Full metadata record
DC FieldValueLanguage
dc.contributorDepartment of Industrial and Systems Engineeringen_US
dc.creatorWeiss, Peter Simon-
dc.publisherHong Kong Polytechnic University-
dc.rightsAll rights reserveden_US
dc.titleSystem study and design of a multi-probe mission for planetary in-situ analysisen_US
dcterms.abstractPlanetology has gained an overall picture of most surfaces of solar system bodies through observation satellites and robotic landers. However a novel method for the exploration of extraterrestrial surfaces is needed to complete remote observations with a global network of in-situ measurements. Miniaturized surface penetrators are a promising concept to fill the gap between remote observations and in-situ measurements. This work investigates the feasibility of the deployment of a large number of geochemical measurement instruments, integrated into high-velocity penetrators. The objective was to develop a mission strategy and architecture for a multi-microprobe planetary exploration system. To determine the quantity of probes needed, a landing site decision support system was developed in ArcGIS. The system uses a method to calculate the uncertainty in geochemical datasets in order to identify locations with high measurement uncertainty. This methodology was applied on data of the lunar surface: The identification of ISRU elements in the lunar soil is one of the highest objectives in the future attempts to return to the Moon. Thirty-one locations on the Moon are identified that can be used to perform ground control checks of the abundance of these elements. The ultimate goal of such a mission would be to develop a model of the surface abundances of elements that span the overall lunar surface. Based on this quantity as base specification, a miniaturized high-velocity penetrator concept is developed. Different carrier structures were analyzed through empirical formula and hydrocode simulations in LS-DYNA. The goal of this investigation was to evaluate the ruggedness of the carrier shell, evaluate the penetration depth and its impact behavior. A soil model of the lunar soil had to be developed to perform the numerical analysis. The result of this work was a modified penetrator design which is better suited to geochemical surface analysis. Several works identify the sampling mechanism for soil analysis as weak element in the development of high-velocity penetrators. Different sampling strategies are reviewed and novel methods suggested. Based on a technological analysis a sampling system that works like a vibrating conveyor was designed further. The efficiency of the system is evaluated analytically. The work concludes with a design of a high-velocity penetrator for geochemical analysis that can be deployed in large numbers on the surface of extraterrestrial surfaces.en_US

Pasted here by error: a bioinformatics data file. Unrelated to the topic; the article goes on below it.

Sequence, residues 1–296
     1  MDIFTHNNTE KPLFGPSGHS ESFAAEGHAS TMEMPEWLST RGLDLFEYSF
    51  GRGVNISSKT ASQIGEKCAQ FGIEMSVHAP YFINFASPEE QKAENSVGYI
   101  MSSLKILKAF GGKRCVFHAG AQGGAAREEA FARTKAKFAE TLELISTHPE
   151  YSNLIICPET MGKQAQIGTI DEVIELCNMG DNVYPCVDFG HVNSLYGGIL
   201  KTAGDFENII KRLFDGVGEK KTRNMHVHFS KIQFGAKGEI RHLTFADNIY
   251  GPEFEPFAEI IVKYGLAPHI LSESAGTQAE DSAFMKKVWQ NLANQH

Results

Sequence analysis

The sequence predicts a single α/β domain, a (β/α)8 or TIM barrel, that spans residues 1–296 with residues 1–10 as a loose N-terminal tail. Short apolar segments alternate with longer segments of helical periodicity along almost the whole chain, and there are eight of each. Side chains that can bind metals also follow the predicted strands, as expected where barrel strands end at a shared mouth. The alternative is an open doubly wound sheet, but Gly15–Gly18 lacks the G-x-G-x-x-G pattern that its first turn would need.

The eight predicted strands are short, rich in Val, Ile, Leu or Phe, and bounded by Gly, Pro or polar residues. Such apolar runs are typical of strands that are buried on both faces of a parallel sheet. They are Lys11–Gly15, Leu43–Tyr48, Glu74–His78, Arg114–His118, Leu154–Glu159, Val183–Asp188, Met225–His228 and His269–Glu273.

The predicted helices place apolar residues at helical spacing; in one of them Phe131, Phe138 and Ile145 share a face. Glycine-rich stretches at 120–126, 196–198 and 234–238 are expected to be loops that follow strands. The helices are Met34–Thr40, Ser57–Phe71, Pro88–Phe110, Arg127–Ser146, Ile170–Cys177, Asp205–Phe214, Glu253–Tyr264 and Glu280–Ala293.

dcterms.extentxix, 178 leaves : ill. ; 31 cm.en_US
dcterms.educationalLevelAll Doctorateen_US
dcterms.LCSHHong Kong Polytechnic University -- Dissertationsen_US
dcterms.LCSHPlanets -- Explorationen_US
dcterms.LCSHSpace probes -- Design and constructionen_US
dcterms.accessRightsopen accessen_US

Files in This Item:
File Description SizeFormat 
b23744807.pdfFor All Users13.5 MBAdobe PDFView/Open

Copyright Undertaking

As a bona fide Library user, I declare that:

  1. I will abide by the rules and legal ordinances governing copyright regarding the use of the Database.
  2. I will use the Database for the purpose of my research or private study only and not for circulation or further reproduction or any other purpose.
  3. I agree to indemnify and hold the University harmless from and against any loss, damage, cost, liability or expenses arising from copyright infringement or unauthorized usage.

By downloading any item(s) listed above, you acknowledge that you have read and understood the copyright undertaking as stated above, and agree to be bound by all of its terms.

Show simple item record

Please use this identifier to cite or link to this item: https://theses.lib.polyu.edu.hk/handle/200/5746